It is appreciated that the Kilembe mine remains closed and 2021 water assessments recorded low mineral content in all three rivers flowing out of the property. In line with the mission recommendation, the State Party should be requested to also report on the water quality of the groundwater.

The reconstruction of important infrastructure (trails/bridges) following flash flooding and landslides in 2020 through the Emergency Assistance is appreciated. In this regard, the new Climate Change and Disaster Risk Management Plan for the property will provide an important framework to inform future disaster risk planning and management decisions and should be welcomed.

Decision Adopted: 45 COM 7B.75

The World Heritage Committee,

  1. Having examined Document WHC/23/45.COM/7B.Add.2,
  2. Recalling Decision 44 COM 7B.85 adopted at its extended 44th session (Fuzhou/online, 2021),
  3. Welcomes the continued implementation of the 2016-2026 General Management Plan (GMP) for the property, and requests the State Party to ensure that the attributes that constitute the Outstanding Universal Value (OUV) of the property are fully reflected in the next GMP;
  4. Notes with concern the results of the 2021 animal census for elephants which indicate only seven individuals as now remaining in the property, and urges again the State Party to assess the viability of the remaining elephant population within the property and to develop an action plan for its conservation, and also encourages the State Party to explore potential options to improve the connectivity between the property and the overall Greater Virunga ecosystem, including by further strengthening the transboundary cooperation with Virunga National Park in the Democratic Republic of the Congo ;
  5. Welcomes the confirmation by the State Party that no plans to proceed with the proposed cable car project are reported and, also recalling that the 2019 Reactive Monitoring mission considered this project would impact both the scenic value of the property, as well as its fragile ecosystems and biodiversity, and if approved, would constitute a clear case of ascertained danger to the OUV, in line with Paragraph 180 of the Operational Guidelines, requests again the State Party not to further pursue this project;
  6. Notes with appreciation the confirmation that hydropower projects in the vicinity of the property have undergone an Environmental Impact Assessment (EIA), mitigation measures are implemented, and no detrimental activities are reported, however recalls the increasing number of hydropower projects in the vicinity of the property, and reiterates its request for the State Party to undertake a Strategic Environmental Assessment (SEA) for the Rwenzori water catchment, including the property, to guide strategic level planning and to assess the indirect and cumulative impacts on the OUV arising from the existing and planned small scale run-of-river hydropower infrastructures and to ensure that EIAs for any future small scale hydropower development proposed in the catchment of the property, fully assess the potential impacts in relation to the OUV in line with the new Guidance and Toolkit on Impact Assessments in a World Heritage Context;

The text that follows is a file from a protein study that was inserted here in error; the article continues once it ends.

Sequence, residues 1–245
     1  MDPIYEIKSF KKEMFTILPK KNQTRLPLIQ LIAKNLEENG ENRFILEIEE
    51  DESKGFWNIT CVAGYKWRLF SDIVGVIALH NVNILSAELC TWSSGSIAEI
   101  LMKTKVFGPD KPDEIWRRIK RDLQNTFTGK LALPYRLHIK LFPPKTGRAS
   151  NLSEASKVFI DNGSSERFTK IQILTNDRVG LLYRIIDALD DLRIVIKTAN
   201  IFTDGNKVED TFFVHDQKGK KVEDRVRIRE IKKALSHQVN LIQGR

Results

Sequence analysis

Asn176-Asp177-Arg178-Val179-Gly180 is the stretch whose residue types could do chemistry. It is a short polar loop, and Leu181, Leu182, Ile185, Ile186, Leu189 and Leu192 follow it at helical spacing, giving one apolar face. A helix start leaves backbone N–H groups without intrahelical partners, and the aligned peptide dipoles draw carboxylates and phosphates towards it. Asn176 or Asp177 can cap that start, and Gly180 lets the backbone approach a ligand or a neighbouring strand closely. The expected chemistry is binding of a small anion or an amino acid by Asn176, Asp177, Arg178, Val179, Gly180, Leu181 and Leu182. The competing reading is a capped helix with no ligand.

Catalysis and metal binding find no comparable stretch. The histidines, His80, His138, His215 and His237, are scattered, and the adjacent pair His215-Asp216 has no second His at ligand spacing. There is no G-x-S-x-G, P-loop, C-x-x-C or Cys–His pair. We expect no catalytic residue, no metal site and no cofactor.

7. Takes note that the Kilembe mine remains closed since the 1970s and that 2021 water samples confirm low mineral levels in all three rivers flowing out of the property and requests the State Party to also report on the water quality of the groundwater;
  8. Further requests the State Party to continue to implement the recommendations of the 2019 mission, in particular to:
    1. Revise the Tourism Strategy for the property to ensure that it fully considers the protection of its OUV and prioritize low impact tourism activities that utilize existing infrastructures and facilities,
    2. Develop and implement a wildlife monitoring plan to ensure the regular monitoring of key wildlife species as recognized in the Statement of OUV for the property;
  9. Notes with appreciation the reconstruction of infrastructure following floods and landslides in 2020 and the finalisation of a Climate Change and Disaster Risk Management Plan for the property and requests furthermore the State Party to implement the Plan to inform future disaster risk response, planning and management measures;
  10. Finally requests the State Party to submit to the World Heritage Centre, by 1 December 2024, an updated report on the state of conservation of the property and the implementation of the above, for examination by the World Heritage Committee at its 47th session.